October 24, 2019, 1:04

A rare bipartisan agreement on immigration reform has tanked in the Senate

A rare bipartisan agreement on immigration reform has tanked in the Senate

A bill that would eliminate per-country caps on employment-based green cards, effectively opening the door to more high-skilled immigrants from India and China, failed on the Senate floor Thursday after Sen. David Perdue (R-GA) blocked the bill.

The bill, which would not have increased overall legal immigration levels, had seemed like it would be a rare moment of bipartisan agreement on one of the most contentious topics of the Trump administration. In July, it passed the House in a 365-65 vote with substantial bipartisan support.

But whether the Senate would pass the bill was an ongoing question. Sen. Rand Paul (R-KY), had previously blocked the bill and Perdue blocked it again on Thursday, saying that he still had concerns about how it would affect specific industries without elaborating further.

Sen. Mike Lee (R-UT), said on the Senate floor Thursday that he would try to assuage those concerns and seek another vote on the bill next week. But there’s no telling whether another senator will block that vote as well.

The failure of the bill, which tackles just a small slice of the legal immigration system and would likely have passed the Republican Senate if it were put to a vote, shows just how hard it has become for Congress to tackle immigration issues. Even in the GOP, consensus on reform to legal immigration appears out of reach.

The bill would have made the green card system more equitable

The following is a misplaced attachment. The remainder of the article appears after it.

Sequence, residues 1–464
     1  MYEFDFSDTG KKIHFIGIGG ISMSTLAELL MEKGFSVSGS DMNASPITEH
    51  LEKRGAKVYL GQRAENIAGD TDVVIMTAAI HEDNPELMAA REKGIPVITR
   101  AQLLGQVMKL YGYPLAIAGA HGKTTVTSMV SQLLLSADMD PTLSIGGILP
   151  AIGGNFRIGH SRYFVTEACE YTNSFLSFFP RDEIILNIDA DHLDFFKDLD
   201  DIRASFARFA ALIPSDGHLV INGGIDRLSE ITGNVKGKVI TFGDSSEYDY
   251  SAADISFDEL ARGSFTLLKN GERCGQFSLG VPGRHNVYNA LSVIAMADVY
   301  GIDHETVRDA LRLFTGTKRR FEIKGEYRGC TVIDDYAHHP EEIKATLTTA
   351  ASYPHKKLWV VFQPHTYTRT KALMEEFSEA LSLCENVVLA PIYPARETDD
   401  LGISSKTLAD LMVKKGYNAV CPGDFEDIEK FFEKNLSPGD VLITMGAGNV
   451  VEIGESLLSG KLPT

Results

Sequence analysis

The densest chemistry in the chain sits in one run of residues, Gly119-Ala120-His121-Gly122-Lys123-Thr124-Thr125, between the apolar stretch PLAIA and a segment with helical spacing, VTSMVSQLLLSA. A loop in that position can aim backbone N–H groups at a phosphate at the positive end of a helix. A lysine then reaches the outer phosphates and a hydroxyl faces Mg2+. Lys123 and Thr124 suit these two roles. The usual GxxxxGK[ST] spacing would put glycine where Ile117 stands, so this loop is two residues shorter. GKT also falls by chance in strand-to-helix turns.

The US issued a total of 1,127,167 green cards in fiscal year 2017, the most recent year for which data is available. About half of those green cards were issued to new arrivals to the US, who are mostly family members of US citizens or permanent residents and foreigners with US job offers.

Citizens of any one country can only be granted 7 percent of all available employment-based and family-based green cards annually. These country caps, introduced in 1965, replaced a quota system based on national origin, which tied the number of immigrants admitted from any country to past census counts of how many immigrants of their nationality were already living in the US. The change led to a fundamental shift in US immigration, opening the door to more immigrants outside Northern Europe, including, for example, those displaced by conflicts in Southeast Asia.

The country caps were intended to ensure that there was diversity of nationality among those allowed to immigrate to the US. But they have been denounced in recent years as discriminatory toward nations like India and China, which face much longer green card backlogs than any other country.

According to the State Department, some employment-based applicants who have been waiting since June 2008 from China and since April 2010 from India only just became eligible to apply for a green card this month. Wait times among family-based applicants are even longer.

The bill — introduced by Sens. Kamala Harris (D-CA), and Lee, and known as the Fairness for High-Skilled Immigrants Act — is an attempt to address those backlogs, raising the cap for any country to 15 percent for family-based green cards and doing away with it entirely for employment-based green cards.

The bill would effectively send nationals of India and China, who have been waiting for years for a chance to apply for green cards, to the front of the line, meaning that other countries would likely see increased wait times, including Canada and Argentina. Wait times would even out over time once the backlog for Indian and Chinese nationals is cleared.